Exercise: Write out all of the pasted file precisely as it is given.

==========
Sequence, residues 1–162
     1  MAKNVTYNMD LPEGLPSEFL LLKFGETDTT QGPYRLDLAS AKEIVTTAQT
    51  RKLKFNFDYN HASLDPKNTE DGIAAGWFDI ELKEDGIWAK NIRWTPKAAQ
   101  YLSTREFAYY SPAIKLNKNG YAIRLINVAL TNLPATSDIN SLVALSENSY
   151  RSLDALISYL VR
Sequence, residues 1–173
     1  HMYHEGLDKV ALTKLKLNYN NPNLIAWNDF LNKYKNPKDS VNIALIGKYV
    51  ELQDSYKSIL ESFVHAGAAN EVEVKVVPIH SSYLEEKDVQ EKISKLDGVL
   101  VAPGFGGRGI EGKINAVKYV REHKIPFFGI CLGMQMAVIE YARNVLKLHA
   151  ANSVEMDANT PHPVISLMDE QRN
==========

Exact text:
Sequence, residues 1–162
     1  MAKNVTYNMD LPEGLPSEFL LLKFGETDTT QGPYRLDLAS AKEIVTTAQT
    51  RKLKFNFDYN HASLDPKNTE DGIAAGWFDI ELKEDGIWAK NIRWTPKAAQ
   101  YLSTREFAYY SPAIKLNKNG YAIRLINVAL TNLPATSDIN SLVALSENSY
   151  RSLDALISYL VR
Sequence, residues 1–173
     1  HMYHEGLDKV ALTKLKLNYN NPNLIAWNDF LNKYKNPKDS VNIALIGKYV
    51  ELQDSYKSIL ESFVHAGAAN EVEVKVVPIH SSYLEEKDVQ EKISKLDGVL
   101  VAPGFGGRGI EGKINAVKYV REHKIPFFGI CLGMQMAVIE YARNVLKLHA
   151  ANSVEMDANT PHPVISLMDE QRN